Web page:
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Womens Health (Lond). 2013 Jan;9(1):69-84. doi: 10.2217/whe.12.63.

Exercise-based smoking cessation interventions among women.

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  • 1Department of Family & Preventive Medicine, University of California, San Diego, 9500 Gilman Drive, Box 0628, La Jolla, CA 92093-0628, USA. slinke@ucsd.edu

Abstract

Although smoking rates are lower among women than men, women are less likely to quit smoking in cessation trials. This is in part due to their tendency to smoke to help prevent or mitigate negative mood/affect, depression and/or postcessation weight gain. Exercise helps to alleviate women's fear of postcessation weight gain and reduces their cessation-related mood symptoms, making it a theoretically ideal smoking cessation intervention for women. In addition, short bouts of exercise decrease cigarette cravings and withdrawal symptoms among temporarily abstinent smokers. However, results from exercise-based smoking cessation interventions to date have been mostly nonsignificant. This paper describes the theoretical mechanisms (psychological, behavioral, physiological and neurobiological) and practical reasons underlying our belief that exercise-based smoking cessation interventions should not yet be abandoned despite their current paucity of supporting evidence. It also presents ideas for modifying future exercise-based smoking cessation interventions to increase adherence and, as a result, more accurately evaluate the effect of exercise on smoking cessation.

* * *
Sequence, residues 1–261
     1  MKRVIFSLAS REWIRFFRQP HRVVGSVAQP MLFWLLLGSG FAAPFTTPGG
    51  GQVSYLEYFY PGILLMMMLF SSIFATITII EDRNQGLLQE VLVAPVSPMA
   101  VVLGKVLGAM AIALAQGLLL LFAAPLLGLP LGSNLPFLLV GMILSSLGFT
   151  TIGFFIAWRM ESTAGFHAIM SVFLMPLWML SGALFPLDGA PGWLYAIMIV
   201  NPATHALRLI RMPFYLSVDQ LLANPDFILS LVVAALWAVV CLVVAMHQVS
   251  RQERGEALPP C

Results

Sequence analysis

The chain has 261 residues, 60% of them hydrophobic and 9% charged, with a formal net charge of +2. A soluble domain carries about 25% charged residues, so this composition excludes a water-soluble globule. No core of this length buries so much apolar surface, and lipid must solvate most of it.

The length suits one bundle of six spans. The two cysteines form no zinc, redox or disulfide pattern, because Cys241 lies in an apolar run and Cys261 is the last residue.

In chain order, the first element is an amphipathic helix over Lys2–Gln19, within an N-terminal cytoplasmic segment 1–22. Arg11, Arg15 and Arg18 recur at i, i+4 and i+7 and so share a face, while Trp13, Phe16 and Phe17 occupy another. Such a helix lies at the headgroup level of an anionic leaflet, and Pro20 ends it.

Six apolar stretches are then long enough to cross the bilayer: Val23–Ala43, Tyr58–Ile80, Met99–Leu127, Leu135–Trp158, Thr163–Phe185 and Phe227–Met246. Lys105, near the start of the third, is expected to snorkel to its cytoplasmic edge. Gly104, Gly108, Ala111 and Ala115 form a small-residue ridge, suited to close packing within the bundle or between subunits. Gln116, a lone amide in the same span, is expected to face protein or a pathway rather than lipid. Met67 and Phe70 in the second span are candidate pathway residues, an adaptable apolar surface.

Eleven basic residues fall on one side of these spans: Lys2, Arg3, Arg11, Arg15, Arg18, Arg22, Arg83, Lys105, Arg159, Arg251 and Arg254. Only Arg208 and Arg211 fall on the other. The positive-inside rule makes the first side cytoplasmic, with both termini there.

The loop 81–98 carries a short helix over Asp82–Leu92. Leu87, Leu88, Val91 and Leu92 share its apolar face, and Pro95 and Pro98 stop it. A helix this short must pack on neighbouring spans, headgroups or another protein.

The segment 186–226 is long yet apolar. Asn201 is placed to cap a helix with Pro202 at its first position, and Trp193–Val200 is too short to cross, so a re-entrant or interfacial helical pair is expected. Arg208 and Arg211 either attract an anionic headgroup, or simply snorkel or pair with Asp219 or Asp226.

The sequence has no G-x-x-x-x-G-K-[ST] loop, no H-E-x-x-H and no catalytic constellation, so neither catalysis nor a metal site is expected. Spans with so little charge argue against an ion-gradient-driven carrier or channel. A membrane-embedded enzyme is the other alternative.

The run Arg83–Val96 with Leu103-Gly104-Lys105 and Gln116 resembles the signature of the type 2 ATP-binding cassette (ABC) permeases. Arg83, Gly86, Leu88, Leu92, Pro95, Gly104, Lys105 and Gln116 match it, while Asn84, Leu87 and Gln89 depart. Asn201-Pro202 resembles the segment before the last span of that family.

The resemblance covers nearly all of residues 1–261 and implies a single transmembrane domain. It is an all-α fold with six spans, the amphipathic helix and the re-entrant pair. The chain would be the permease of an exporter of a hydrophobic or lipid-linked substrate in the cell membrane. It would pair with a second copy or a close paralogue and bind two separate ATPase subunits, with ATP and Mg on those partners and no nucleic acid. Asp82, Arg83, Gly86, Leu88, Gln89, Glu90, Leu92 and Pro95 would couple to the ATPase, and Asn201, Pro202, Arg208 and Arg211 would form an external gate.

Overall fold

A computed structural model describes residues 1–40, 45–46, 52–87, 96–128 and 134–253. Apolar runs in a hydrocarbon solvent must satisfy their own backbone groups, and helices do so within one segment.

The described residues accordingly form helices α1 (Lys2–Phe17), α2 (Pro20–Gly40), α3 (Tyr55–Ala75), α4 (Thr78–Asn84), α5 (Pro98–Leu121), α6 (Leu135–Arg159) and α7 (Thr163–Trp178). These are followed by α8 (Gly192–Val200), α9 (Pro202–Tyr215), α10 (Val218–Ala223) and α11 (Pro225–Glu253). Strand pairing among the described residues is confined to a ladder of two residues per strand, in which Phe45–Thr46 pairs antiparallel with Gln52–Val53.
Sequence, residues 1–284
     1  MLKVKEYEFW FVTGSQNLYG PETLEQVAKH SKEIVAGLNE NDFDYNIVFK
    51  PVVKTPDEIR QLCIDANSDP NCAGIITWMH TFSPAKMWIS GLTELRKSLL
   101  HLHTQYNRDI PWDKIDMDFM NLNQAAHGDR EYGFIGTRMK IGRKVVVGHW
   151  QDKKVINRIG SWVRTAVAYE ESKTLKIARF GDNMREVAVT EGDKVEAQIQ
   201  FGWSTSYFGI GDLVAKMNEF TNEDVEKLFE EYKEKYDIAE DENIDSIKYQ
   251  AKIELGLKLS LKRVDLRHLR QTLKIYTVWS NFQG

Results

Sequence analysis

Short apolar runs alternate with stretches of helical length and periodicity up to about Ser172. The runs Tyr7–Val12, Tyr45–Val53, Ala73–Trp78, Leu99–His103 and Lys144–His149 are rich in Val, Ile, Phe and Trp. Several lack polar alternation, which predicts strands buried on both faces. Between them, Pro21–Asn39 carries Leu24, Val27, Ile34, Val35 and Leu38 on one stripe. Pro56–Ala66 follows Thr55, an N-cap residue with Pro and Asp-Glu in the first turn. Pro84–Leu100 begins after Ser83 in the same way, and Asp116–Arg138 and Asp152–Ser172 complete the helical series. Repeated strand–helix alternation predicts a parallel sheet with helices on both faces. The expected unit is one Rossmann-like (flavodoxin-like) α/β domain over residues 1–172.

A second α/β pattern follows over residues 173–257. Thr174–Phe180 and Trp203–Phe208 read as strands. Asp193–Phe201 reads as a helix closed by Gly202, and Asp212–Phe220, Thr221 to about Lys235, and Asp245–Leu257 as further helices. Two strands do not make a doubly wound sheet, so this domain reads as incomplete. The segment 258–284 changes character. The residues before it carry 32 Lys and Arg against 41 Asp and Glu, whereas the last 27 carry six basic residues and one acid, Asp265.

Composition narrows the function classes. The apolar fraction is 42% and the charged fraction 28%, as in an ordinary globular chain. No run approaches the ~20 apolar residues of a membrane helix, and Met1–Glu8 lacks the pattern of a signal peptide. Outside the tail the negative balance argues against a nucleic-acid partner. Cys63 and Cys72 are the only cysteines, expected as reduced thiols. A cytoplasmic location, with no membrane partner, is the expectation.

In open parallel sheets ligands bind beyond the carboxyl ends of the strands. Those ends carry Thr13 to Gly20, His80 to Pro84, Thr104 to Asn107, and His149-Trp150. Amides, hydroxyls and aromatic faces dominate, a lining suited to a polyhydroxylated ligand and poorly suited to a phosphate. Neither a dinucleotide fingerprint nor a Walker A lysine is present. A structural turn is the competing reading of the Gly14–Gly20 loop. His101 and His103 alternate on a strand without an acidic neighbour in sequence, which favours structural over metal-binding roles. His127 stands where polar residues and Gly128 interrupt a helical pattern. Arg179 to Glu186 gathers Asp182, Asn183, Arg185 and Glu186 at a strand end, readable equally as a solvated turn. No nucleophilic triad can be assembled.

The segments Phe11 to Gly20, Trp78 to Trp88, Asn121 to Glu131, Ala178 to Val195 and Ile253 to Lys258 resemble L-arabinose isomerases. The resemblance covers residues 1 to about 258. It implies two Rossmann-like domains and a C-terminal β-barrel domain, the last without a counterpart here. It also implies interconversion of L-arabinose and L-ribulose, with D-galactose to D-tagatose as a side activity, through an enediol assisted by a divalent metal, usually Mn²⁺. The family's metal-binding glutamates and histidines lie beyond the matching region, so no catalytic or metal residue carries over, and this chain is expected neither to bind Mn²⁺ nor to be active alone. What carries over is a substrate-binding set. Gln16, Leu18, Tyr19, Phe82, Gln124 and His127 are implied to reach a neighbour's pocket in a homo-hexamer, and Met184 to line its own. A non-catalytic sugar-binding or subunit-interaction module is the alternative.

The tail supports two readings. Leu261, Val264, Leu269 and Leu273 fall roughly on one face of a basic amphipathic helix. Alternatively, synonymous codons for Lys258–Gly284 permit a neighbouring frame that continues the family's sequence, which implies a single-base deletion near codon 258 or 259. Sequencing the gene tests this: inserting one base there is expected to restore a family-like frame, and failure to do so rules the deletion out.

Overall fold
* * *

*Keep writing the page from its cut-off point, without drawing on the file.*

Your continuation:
[PubMed - indexed for MEDLINE]
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